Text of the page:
Colourful new discoveries from the early days of photography, 1980 | Photography


A nude woman reclines on a tumble of fabric, a flower in her hair and bracelet on her wrist, frankly challenging the viewer with her gaze. It’s almost Manet’s Olympia, but not quite. This photograph is an Autochrome, the process invented by Auguste and Louis Lumière in 1904 and explored by the Observer Magazine on 2 November 1980, with recently unearthed images from the French Photographic Society.

Autochrome was an early answer to frustration at the limitations of photography in capturing the colour and complexity of real life and its secret was an ‘unlikely ingredient’: potato starch. ‘Minute grains of starch were dyed in primary colours, carefully mixed and held on a glass plate with silver bromide solution.’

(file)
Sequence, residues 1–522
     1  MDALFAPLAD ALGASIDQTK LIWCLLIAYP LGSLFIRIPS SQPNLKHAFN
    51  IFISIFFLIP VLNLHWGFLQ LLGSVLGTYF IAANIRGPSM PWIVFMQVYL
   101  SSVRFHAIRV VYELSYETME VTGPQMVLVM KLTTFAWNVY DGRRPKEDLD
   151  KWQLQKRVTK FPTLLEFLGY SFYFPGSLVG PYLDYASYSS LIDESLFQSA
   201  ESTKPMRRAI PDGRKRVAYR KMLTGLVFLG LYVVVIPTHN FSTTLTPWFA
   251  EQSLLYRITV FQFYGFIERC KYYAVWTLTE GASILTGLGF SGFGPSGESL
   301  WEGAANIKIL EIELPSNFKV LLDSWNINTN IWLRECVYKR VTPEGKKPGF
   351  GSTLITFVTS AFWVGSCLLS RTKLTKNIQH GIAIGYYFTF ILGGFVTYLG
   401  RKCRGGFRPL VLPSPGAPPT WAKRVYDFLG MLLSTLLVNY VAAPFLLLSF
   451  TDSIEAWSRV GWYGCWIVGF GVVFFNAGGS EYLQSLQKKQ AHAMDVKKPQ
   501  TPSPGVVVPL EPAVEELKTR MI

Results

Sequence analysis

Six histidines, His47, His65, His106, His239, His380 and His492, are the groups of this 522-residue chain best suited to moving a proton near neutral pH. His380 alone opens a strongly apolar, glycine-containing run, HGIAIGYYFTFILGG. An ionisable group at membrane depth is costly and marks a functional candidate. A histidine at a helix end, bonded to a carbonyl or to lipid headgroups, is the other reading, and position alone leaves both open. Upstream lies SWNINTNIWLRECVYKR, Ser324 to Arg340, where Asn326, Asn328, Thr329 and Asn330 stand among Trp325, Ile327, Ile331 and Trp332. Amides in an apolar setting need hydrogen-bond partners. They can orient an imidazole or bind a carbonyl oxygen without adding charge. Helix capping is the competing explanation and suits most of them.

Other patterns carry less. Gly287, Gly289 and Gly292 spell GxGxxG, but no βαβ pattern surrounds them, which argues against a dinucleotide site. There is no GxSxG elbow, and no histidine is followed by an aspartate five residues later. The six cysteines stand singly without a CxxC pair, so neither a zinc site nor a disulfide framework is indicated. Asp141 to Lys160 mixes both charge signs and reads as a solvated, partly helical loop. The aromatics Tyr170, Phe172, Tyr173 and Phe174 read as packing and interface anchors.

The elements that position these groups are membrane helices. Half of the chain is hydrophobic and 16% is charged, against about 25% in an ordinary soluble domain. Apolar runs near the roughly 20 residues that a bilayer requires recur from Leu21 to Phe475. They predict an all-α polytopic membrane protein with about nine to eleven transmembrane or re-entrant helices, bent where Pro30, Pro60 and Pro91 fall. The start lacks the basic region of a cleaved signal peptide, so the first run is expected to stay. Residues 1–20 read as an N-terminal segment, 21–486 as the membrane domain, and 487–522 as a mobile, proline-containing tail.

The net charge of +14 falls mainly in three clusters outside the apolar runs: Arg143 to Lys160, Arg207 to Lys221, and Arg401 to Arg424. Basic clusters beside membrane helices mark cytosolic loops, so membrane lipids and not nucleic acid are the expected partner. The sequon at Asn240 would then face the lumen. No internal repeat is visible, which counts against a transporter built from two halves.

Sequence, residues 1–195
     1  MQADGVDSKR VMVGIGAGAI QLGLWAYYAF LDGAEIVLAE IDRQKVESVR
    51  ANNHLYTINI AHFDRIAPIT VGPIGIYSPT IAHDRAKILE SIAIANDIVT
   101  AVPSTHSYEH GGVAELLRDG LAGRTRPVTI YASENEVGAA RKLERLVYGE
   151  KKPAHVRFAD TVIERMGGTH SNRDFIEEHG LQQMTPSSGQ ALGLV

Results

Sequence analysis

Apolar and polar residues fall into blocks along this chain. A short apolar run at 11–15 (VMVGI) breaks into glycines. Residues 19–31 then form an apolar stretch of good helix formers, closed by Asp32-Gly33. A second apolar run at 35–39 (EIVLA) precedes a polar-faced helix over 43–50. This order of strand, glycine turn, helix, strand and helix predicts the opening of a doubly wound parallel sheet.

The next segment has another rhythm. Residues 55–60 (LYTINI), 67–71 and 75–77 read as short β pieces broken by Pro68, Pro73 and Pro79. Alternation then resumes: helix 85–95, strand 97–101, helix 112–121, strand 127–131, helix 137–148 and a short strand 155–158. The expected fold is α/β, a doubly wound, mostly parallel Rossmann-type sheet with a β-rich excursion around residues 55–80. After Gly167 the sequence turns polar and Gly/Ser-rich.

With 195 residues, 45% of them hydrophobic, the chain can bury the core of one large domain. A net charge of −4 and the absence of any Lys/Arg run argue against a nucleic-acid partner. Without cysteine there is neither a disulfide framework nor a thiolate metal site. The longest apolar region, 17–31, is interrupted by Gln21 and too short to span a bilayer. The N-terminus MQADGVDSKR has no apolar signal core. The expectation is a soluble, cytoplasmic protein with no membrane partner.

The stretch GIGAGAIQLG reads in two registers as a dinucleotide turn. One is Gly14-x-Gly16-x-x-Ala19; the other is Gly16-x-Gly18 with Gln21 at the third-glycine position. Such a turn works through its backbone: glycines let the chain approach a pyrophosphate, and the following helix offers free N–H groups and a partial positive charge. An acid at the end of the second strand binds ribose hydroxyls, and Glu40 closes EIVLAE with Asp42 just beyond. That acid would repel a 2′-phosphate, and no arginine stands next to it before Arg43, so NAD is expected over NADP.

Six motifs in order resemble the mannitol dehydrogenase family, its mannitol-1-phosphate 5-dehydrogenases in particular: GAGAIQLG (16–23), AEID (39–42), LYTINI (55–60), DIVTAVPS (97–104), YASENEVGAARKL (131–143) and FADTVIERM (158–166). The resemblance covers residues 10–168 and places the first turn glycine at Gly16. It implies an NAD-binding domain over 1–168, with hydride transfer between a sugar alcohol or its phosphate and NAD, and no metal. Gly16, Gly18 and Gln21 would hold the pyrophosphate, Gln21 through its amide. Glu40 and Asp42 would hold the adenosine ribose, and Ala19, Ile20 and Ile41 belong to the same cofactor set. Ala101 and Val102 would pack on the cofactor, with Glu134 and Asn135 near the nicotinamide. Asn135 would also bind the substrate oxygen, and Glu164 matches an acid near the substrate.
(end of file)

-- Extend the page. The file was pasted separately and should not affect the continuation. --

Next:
It was instantly popular and the Lumière brothers struggled to meet demand, particularly from the Pictorialists, pioneers who viewed photography as an art form full of possibility rather than a documentary process. They appreciated Autochrome as it ‘gave an effect of shimmering colour reminiscent of that achieved by the most laborious Impressionist techniques – a kind of painless Pointillism’.

The influence of the Impressionists and their forebears does shimmer through these dreamy, painterly images. A white-shirted worker bending in a hayfield feels composed by Millet, painted by Morisot. Women wash clothes on a sun-dappled riverbank, one cross-legged girl in red staring curiously at the camera, in the kind of scene beloved of Pissarro.

Extra-long exposure times – 30 times longer than black and white – meant discomfort was an inevitable part of the process: a woman in a wide-brimmed hat topped with an extravagantly large and droopy red flower perches uneasily on the edge of a cornfield holding a bouquet of wildflowers. And there’s a reminder that the ‘tranquil beauty’ and ease of this gilded fin-de-siècle came at a human price: against the bulk of a dresser filled with blue and white plates, a maid in a blue apron droops in sleep, feather duster falling from her hand.